There are many names we give to the most frequently seen words in print. Some call them High Frequency Words, Sight Words, Instant Words, Fry Words, Dolch Words, Common Words, etc. It doesn't really matter what you call them, it is very important to teach them - reteach them - practice them - learn them - memorize them.
These are the words that we need to recognize immediately and be able to spell automatically because we see and use them most often. The 300 most frequent words make up about 65% of the words in print - Edward B. Fry - 1000 Instant Words. Check it out for yourself. Find a piece of writing - even this blog post - and count all the high frequency words you find. I know you'll find more than half are those common words on Fry's list. So the importance is clear and it is embedded in every ELA curriculum. The trick is how to teach them so students REALLY learn them.
Many feel that the High Frequency/Instant Words are irregular and there is no other way to teach them other than by rote memorization. It's hard to infuse fascination and high engagement to teaching them. Unfortunately, that was my method and thinking throughout the years I taught 2nd grade. I viewed it as boring - and I'm sure my students felt that way, too. They were just words included on the weekly spelling test - another set to be memorized for Friday's test. Since then, I've learned that most of the "sight" words ARE regular and you can teach them along with the rules of decoding and encoding (reading and spelling). Learning that most words fit a pattern or rule helped the spelling of it make sense. Connecting the sense and organization reinforce the word and embed it more quickly and permanently.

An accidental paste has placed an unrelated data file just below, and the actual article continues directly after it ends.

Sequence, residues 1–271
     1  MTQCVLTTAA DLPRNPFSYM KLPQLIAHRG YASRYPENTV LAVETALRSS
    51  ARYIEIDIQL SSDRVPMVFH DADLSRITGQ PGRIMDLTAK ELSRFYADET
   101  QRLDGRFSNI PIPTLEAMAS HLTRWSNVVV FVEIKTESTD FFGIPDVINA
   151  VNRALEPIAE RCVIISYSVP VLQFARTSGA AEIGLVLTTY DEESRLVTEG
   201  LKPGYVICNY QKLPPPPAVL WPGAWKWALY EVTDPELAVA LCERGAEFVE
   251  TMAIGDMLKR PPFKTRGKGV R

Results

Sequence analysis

Here's a quick example. If I asked you to memorize a string of numbers - say seven. You could do it for the short term. But the numbers would be quickly forgotten. However, if I attach meaning to those 7 numbers - say, the phone number for your best friend, you would certainly remember them for a very long time. Think about the things that you remember - clearly. There is meaning and emotion and great value attached to that memory. That is why you remember the details.
Now, I'm not suggesting that Instant Words connect with intense feelings (unless it is frustration at struggling to learn them!). However, if you help students make sense of the way the words are put together and they understand the pattern, they will remember them much better.
So no matter the label you place on them - Fry Words, High Frequency, Instant - it doesn't really matter. They can all smell sweet and learning them can be easier with the rules.
Follow our blog to learn more about the rules of spelling and engaging ways to make teaching reading and spelling more effective and meaningful.